Steel dispute continues, EU-US steel club fails for now
Steel dispute continues, EU-US steel club fails for now

23 October 2023 – European Union and US government fail to reach agreement in the ongoing steel dispute. European Commission came to negotiations empty-handed. Is Brussels acting too slowly for Washington? And rising steel production in India and China is driving up prices for Metallurgical Coke and Non Coking Coal.

Metallurgical Coke prices up sharply in India and China

An upward trend in metallurgical coke prices in India and China has been observed for several months now. But South African prices for non coking coal for power generation have also climbed sharply since June.

Steel production picks up

According to analysts, this is due to the rising production of steel in the world’s two largest countries. For India in particular, the worldsteel association recently predicted a significant increase in demand for steel products for the coming months and for 2024.

Steel dispute continues, EU-US steel club is cancelled for the time being

On Thursday last week it was already clear that the Global Arrangement on Sustainable Steel and Aluminium (GSA) between the United States and the European Union would be a long time coming. On Friday, it was officially confirmed that an agreement on the steel dispute and a possible climate club had been postponed for the time being. Whether the two months, as stated in the joint statement, will be enough is doubtful. The two years before had already not been enough to come to a substantial agreement.

Excerpt from the U.S.-EU Summit Joint Statement

On 31 October 2021, we announced that we would negotiate within two years an arrangement-known as the Global Arrangement on Sustainable Steel and Aluminum (Global Arrangement) – to address non-market excess capacity and emissions intensity of the steel and aluminum industries, including to foster undistorted transatlantic trade. Throughout these two years, we have made substantial progress to identify the sources of non-market excess capacity. We have also achieved a better understanding of the tools to address the emissions intensity of the steel and aluminium industries. We look forward to continuing to make progress on these important objectives in the next two months.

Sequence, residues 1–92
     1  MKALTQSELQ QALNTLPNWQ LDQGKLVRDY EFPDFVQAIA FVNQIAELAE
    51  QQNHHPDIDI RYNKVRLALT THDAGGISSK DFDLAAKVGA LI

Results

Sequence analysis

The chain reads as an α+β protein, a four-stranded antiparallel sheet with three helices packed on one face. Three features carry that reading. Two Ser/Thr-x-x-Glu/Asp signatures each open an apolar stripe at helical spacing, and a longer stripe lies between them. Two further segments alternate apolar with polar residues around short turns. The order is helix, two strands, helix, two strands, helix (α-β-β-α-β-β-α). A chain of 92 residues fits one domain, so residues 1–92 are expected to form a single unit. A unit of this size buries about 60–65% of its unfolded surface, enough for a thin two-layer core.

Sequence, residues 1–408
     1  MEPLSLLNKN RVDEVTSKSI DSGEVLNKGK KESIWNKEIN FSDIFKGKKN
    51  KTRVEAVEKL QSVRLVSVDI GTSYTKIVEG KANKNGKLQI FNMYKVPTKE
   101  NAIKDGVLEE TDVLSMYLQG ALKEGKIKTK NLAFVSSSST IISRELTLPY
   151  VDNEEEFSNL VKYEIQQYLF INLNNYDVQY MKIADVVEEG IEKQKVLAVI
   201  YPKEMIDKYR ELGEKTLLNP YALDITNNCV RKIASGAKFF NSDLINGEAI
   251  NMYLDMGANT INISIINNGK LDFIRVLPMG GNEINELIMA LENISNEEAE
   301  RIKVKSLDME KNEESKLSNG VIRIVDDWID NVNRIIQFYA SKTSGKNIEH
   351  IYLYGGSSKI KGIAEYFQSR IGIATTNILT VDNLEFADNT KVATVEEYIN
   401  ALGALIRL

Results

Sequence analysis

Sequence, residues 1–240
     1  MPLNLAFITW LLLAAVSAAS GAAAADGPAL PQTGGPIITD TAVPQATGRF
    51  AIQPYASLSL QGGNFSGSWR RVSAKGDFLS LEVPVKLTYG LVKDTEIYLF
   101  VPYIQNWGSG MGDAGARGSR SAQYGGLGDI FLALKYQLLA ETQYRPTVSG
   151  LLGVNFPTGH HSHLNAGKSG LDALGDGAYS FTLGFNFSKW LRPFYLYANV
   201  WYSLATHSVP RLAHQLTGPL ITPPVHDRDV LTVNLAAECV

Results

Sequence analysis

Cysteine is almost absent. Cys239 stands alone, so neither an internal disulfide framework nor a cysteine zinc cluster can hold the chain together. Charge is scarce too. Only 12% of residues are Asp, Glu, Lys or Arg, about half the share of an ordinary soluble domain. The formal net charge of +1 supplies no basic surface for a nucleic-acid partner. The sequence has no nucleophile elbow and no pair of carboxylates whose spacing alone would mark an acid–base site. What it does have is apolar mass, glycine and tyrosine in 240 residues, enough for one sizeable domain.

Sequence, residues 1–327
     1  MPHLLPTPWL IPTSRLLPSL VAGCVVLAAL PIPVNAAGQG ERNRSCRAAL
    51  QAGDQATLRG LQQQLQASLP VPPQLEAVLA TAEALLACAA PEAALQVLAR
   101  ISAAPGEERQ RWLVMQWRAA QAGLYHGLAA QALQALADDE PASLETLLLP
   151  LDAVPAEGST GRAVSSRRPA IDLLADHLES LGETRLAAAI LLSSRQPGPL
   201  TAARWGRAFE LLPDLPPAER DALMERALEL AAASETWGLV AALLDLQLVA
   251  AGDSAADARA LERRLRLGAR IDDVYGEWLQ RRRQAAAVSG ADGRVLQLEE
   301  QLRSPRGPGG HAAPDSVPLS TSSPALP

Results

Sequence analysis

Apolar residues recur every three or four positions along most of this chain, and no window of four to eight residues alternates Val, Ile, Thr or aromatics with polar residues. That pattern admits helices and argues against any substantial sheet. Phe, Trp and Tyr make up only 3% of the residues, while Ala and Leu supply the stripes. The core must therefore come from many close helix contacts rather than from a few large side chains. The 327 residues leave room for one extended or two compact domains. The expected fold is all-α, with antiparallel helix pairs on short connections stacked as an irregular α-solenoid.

Source : U.S.-EU Summit Joint Statement

Different views in Washington and Brussels

According to recent reports, the views in Washington and Brussels on measures against China are drifting far apart. There seems to be agreement that China is the largest source of excess capacity in global steel production (closely followed by Europe, but that’s just a side note). However, the European Commission would have to initiate several anti-subsidy proceedings against China before it could possibly take action here. With more than 25 steel categories (see EU Safeguard), this would completely overburden the European Commission, which already works with a hot needle on steel and has its regulations written by the steel lobby. Or it would simply not be in the interests of the financiers.

Steel dispute: EC too slow for US government

However, this is not fast enough for the US side to solve the steel dispute. They want to see immediate action against China and have no interest in the EC taking years to implement with an uncertain outcome. And as expected, this is where worlds collide. The bureaucrats in Brussels know very well that the anti-dumping and anti-subsidy procedures and measures supported by the justified criticism from the member states would blow up in their faces before the European Court of Justice. This does not even take into account all the complaints at the World Trade Organisation (WTO), which would scratch the European Union’s moral image as a clean-cut business.

Hurdles could be insurmountable

For EU steel producers in particular, a lot hangs on a possible agreement. After all, it gives them important quotas within the Section 232 tariffs. But the steel dispute on both sides of the Atlantic continues to face major hurdles, navigating a complex and unfinished mess. And while the bureaucrats in Brussels need not fear re-election, it is a very different story in Washington.

And this shows once again what happens when you fight on the wrong fronts and are constantly led around the ring by lobbyists.

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